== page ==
Winchell’s power was so great he couldn’t help flaunting it. His ego fell victim to it one too many times. If he didn’t like someone, he’d harass them in print. He did it to Jack Paar, then the sensation of nighttime television, and the “Tonight” show. Paar went on TV and plead his case with sufficient melodrama that made Winchell look like a bully and a paper tiger. Television and Jack Paar killed him. 
Your face on Time or Life, the two top Luce weekly magazines which were read by everybody in America was the top of the mountain of fame and celebrity. Winchell on the cover of Time was tantamount to being knighted by the Establishment. The cover of Life was the man of the moment, and in 1959, that was Jack Paar on the "Tonight Show." Winchell picked on him. Pinched and tweaked in his Broadway column. Made fun of him. Paar, much younger than Winchell, and very new to such national stardom, had a natural sense of self-defense. He made a show out of it. He talked to the camera as if talking to Winchell. He plead his case, which was basically to point out to the public what a bully and a crank Walter Winchell was. The time had come for the changing of the guard in media.
Kilgallen, besides her daily column in the J-A,  had a morning talk show on WOR radio with her husband Richard Kollmar (“Breakfast with Dorothy and Dick”)  It was live from their own breakfast nook of their East 68th Street townhouse, talking about what went on in New York the night before). Dorothy loved a good scoop and could be a bitch in print.  Frank Sinatra hated her (he wasn’t alone). He called her Miss No-Chin. “Everybody's here tonight, everybody but Dorothy Kilgallen. She's out on the town looking for her chin ...” he said to his audience on an opening night at the Copa.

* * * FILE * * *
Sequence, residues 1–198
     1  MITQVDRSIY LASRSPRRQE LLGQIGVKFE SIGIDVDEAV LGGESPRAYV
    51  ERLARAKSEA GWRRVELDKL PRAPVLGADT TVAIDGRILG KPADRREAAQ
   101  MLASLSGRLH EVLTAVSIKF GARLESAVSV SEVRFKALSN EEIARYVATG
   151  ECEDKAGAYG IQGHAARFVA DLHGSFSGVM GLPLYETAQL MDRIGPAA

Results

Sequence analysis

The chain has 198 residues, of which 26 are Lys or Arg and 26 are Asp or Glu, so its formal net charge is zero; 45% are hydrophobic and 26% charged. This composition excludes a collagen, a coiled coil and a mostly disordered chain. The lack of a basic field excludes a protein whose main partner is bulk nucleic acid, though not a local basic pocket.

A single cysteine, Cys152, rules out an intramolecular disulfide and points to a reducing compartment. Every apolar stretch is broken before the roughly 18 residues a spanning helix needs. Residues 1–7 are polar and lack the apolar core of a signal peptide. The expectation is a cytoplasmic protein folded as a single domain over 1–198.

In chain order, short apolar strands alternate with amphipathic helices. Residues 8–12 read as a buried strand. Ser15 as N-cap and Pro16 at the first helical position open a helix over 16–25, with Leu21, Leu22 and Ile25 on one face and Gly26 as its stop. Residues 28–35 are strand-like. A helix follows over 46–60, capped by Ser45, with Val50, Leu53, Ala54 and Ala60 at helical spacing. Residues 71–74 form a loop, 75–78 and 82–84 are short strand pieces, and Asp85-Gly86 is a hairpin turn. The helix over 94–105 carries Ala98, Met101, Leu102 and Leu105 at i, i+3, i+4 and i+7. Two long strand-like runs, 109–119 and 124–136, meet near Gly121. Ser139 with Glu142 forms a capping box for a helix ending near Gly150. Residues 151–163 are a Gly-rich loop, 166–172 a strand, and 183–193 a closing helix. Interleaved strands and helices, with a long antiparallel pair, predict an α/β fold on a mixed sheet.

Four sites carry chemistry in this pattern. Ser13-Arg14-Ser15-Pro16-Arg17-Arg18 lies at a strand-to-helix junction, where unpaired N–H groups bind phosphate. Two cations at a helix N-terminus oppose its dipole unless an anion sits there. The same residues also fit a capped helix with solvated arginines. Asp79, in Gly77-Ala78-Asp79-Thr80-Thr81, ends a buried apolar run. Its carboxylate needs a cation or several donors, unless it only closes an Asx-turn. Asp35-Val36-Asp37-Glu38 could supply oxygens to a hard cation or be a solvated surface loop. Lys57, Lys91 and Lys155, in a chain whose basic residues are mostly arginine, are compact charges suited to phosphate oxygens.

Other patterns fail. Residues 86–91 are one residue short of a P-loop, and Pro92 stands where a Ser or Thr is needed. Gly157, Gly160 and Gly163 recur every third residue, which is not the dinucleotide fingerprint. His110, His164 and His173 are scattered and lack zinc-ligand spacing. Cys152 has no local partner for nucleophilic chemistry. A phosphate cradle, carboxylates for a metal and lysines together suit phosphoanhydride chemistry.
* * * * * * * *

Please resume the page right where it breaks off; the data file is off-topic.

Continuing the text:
Dorothy Kilgallen with Marilyn Monroe. Kilgallen was born with with ink in her veins. Her father Jim Kilgallen was a longtime editor for Hearst. Dorothy started out as a cub reporter. She was a go-getter. In her prime, she was feared because she could be tough and she could be very bitchy. But she was a pro with a strong voice directed to her readers. She didn't waste words in puncturing an ego publicly.
But Kilgallen was another Broadway baby. A charmer in her own way. She held forth every lunchtime at a big round table in PJ Clarke’s. The world came to have a burger and fries with her. She went out at night in evening gowns and furs. Not pretty but with a pen that could draw blood or plant poison, she was the Star Reporter at murder trials all over the nation.